As an array list grows, it runs out of space, creates a bigger array, copies the old array to it, and frees the old one.  As the arrays get large, each freed one takes up a big chuck of free memory.  The next array can't use that space because it is bigger.  So you end up filling free memory with more and more, larger and larger unusable blocks of memory.  You can end up running out of memory when 90% is still free.

The GC will work frantically to combine all these blocks into free memory, and if it has time it will merge them into big enough blocks to allocate the new, bigger arrays.  But in this example we're creating new ones too rapidly.  The GC could put the program on hold while it does this, but it in my experience it would rather throw an exception than stop a program for a second or two.

So collections that use small bits of memory can be better than collections that use arrays.  I tend to use LinkedList over ArrayList, and TreeMap over HashMap.  But do note:  if you create a large array and then leave it alone, sizewise, for the duration of a session, it won't cause this problem and will outperform anything else.

The second problem with array-based collections is that they don't shrink.  Say you have 1 million characters in your game, and each one has a list of possessions.  In 5 or 6 cases, the list may contain over 100 entries.  Often it is empty.  Usually it contains 1, 2, or 3 entries.  But the characters swap so much that each one, over the course of a game, is apt to have 100 entries at some point.  Most of your characters will end up with 100+ element arrays with 1 or 2 entries in each.  You have a huge waste of memory.  A linked list would work a lot better, even with the overhead for pointers.

So for dynamic lists, you might want something else.  I tend to use linked lists of some sort and TreeMaps most of the time.  But if your memory use is under control, stick with ArrayList and maybe HashMap.

Offline davedes
« Reply #7 - Posted 2013-07-14 17:56:12 »

ralphchapin -

For most practical purposes, especially gamedev-related, there is no need for LinkedList. If you want maximal performance and GC-optimizations, you should use something like LibGDX's Array, ObjectMap, IntMap, IntArray, IdentityMap, PooledLinkedList etc. which are tailored to low-end mobile devices. They avoid things like auto-boxing of primitive types, unnecessary allocations (i.e. enhanced for loop), allowing for identity check (==) rather than equals(), and accessing the backing array directly.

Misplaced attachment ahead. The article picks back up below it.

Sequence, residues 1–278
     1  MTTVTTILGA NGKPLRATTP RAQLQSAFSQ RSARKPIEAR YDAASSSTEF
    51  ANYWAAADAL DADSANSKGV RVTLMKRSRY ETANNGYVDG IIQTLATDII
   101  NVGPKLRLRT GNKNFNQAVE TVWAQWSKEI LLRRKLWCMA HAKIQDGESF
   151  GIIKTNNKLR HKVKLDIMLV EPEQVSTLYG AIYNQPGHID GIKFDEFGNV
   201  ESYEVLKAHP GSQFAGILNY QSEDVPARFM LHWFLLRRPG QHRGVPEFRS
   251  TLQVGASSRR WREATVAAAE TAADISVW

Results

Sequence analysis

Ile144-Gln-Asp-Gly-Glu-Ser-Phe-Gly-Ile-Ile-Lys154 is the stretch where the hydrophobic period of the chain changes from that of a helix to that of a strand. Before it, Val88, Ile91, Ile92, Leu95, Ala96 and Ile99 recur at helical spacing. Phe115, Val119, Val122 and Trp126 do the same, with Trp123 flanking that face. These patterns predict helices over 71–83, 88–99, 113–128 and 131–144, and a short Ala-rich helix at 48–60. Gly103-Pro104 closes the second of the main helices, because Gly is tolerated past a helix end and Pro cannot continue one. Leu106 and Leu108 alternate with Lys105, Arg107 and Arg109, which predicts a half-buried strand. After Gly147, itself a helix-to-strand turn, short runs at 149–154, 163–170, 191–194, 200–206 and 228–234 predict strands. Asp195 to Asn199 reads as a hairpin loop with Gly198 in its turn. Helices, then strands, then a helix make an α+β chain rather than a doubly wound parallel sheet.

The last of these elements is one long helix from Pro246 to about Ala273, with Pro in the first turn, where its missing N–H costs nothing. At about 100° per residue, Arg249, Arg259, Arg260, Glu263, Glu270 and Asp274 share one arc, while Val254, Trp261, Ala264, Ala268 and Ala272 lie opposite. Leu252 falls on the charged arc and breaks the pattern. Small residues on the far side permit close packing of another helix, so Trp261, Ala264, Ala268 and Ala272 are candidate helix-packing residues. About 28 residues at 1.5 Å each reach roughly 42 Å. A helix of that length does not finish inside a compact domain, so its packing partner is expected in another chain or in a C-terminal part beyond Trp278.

Of course, these are such minor optimizations that they probably aren't necessary in a desktop application. Having an ArrayList that is bigger than it needs to be isn't a "huge waste of memory". In a desktop application, it's usually such a small waste of memory that it isn't worth the trouble to type out the extra line for trimToSize or ensureCapacity.

Offline ralphchapin
« Reply #8 - Posted 2013-07-14 19:43:47 »

Interesting.  I've spent my life writing software that was a bit too big for the computers it ran on; I've always been running out memory even when I had a lot of it.  For some reason, when I started writing a game, I felt I had to be ready to handle seriously oversized game maps and lots of players, so I'm still overloading my computers.  (Admittedly, they're still 32 bit computers.)

Since getting on Java-Gaming, I've read a bit about LibGDX (and plan on reading more), and some of those collections look useful in a big desktop program, IntMap especially.

The oversized ArrayList is only a problem if there are a lot (100,000+) of them, or if it is a very large list.  The poster probably has a lot more memory than needed, but with lots of memory people often squander it, and I thought it would be worth noting the problems that arise when free memory does become scarce.
Offline appel

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« Reply #9 - Posted 2013-07-15 18:37:36 »

Incorrect data structure can sometimes explain performance issues in games, depending on how you're using the data structures, e.g. how often and how you're accessing, removing, iterating etc.

But over-optimization early on is bad. You can always swap out data structures later. Getting things to work is more important than a bit more fps.

100,000 elements should be trivial.